Self-efficacy and task performance: An investigation from two levels of analysis and specificity

Neal, A. and Yeo, G. (2005). Self-efficacy and task performance: An investigation from two levels of analysis and specificity. In: 5th UQ Symposium on Organisational Psychology, Emmanuel College, University of Queensland, (115-115). 4 June 2005.


Author Neal, A.
Yeo, G.
Title of paper Self-efficacy and task performance: An investigation from two levels of analysis and specificity
Conference name 5th UQ Symposium on Organisational Psychology
Conference location Emmanuel College, University of Queensland
Conference dates 4 June 2005
Journal name Australian Journal of Psychology: Combined Abstracts of 2005 Psychology Conferences   Check publisher's open access policy
Place of Publication Basingstoke, UK
Publisher Taylor and Francis
Publication Year 2005
Sub-type Published abstract
ISSN 0004-9530
Volume 57
Issue Supplement
Start page 115
End page 115
Total pages 1
Language eng
Abstract/Summary This research adopts a resource allocation theoretical framework to generate predictions regarding the relationship between self-efficacy and task performance from two levels of analysis and specificity. Participants were given multiple trials of practice on an air traffic control task. Measures of task-specific self-efficacy and performance were taken at repeated intervals. The authors used multilevel analysis to demonstrate dynamic main effects, dynamic mediation and dynamic moderation. As predicted, the positive effects of overall task specific self-efficacy and general self-efficacy on task performance strengthened throughout practice. In line with these dynamic main effects, the effect of general self-efficacy was mediated by overall task specific self-efficacy; however this pattern emerged over time. Finally, changes in task specific self-efficacy were negatively associated with changes in performance at the within-person level; however this effect only emerged towards the end of practice for individuals with high levels of overall task specific self-efficacy. These novel findings emphasise the importance of conceptualising self-efficacy within a multi-level and multi-specificity framework and make a significant contribution to understanding the way this construct relates to task performance.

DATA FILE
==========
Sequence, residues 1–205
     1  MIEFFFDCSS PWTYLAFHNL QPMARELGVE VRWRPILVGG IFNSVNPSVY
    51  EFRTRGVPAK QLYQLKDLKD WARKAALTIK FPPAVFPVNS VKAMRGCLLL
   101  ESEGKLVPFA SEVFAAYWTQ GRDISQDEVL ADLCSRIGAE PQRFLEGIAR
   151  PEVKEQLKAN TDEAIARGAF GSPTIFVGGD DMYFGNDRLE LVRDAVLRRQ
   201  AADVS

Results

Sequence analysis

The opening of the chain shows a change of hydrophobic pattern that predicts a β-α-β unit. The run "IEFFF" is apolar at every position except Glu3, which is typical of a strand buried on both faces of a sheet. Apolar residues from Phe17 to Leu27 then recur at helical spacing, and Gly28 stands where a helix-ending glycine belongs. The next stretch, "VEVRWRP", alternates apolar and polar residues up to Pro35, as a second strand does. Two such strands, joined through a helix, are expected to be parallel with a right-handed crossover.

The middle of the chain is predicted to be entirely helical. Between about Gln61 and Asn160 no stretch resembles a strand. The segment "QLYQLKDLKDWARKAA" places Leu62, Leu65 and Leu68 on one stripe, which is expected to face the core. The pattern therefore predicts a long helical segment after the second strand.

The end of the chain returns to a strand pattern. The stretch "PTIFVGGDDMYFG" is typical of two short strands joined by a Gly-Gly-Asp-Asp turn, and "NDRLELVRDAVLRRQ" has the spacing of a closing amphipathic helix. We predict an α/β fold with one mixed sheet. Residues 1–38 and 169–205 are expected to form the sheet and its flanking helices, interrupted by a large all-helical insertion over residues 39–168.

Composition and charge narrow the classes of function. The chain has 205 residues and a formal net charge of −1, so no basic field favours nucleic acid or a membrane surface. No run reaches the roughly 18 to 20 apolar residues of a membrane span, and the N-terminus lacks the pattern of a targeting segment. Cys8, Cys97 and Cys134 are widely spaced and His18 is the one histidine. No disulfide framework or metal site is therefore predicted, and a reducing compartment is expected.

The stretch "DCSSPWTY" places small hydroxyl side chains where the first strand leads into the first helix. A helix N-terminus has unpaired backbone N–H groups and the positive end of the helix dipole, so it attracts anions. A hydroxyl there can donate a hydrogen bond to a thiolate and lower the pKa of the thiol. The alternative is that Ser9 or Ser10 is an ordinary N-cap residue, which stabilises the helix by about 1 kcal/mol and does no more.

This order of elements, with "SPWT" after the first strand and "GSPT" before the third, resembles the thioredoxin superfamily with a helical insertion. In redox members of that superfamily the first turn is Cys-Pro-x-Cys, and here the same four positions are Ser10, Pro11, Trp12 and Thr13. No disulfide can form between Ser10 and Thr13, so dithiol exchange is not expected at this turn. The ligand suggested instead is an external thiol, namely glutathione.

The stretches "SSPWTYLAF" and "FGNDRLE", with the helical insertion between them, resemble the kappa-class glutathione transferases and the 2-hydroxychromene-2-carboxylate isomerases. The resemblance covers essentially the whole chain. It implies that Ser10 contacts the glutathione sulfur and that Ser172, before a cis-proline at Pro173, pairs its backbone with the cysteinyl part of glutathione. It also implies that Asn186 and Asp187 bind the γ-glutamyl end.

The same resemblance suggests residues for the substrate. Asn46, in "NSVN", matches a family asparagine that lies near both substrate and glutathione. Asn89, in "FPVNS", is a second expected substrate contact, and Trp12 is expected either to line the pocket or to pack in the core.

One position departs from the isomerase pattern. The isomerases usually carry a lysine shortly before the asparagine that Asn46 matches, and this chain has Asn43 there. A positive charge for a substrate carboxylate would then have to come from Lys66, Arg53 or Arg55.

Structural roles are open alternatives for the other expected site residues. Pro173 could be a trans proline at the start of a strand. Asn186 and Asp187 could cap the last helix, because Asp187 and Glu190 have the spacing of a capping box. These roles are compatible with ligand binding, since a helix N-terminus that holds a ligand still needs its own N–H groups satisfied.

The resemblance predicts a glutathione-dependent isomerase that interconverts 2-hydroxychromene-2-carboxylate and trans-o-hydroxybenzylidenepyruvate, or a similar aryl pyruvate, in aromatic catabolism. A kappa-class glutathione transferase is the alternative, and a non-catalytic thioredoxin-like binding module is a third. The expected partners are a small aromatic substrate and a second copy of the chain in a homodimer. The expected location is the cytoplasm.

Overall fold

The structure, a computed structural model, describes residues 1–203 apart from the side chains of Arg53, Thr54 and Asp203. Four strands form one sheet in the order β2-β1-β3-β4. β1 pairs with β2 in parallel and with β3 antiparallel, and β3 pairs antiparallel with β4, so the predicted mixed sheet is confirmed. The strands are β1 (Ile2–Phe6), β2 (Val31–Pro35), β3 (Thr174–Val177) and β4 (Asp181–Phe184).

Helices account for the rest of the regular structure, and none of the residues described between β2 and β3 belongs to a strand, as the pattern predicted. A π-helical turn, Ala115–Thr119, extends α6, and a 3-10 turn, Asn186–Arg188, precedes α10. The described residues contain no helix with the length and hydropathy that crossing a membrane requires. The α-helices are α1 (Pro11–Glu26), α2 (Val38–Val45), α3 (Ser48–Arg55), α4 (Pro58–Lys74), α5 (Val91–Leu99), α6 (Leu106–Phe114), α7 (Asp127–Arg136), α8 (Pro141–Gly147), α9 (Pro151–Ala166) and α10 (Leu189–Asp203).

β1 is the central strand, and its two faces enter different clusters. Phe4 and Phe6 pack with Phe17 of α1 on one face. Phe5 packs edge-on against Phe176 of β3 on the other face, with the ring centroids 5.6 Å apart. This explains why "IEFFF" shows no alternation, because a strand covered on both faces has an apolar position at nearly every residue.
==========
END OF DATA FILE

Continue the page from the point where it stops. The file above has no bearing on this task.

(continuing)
Subjects 17 Psychology and Cognitive Sciences
Keyword Psychology, Multidisciplinary
Q-Index Code CX
Q-Index Status Provisional Code
Institutional Status UQ
Additional Notes The Abstracts of the 5th UQ Symposium on Organisational Psychology.

 
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Created: Sun, 19 Aug 2007, 20:20:22 EST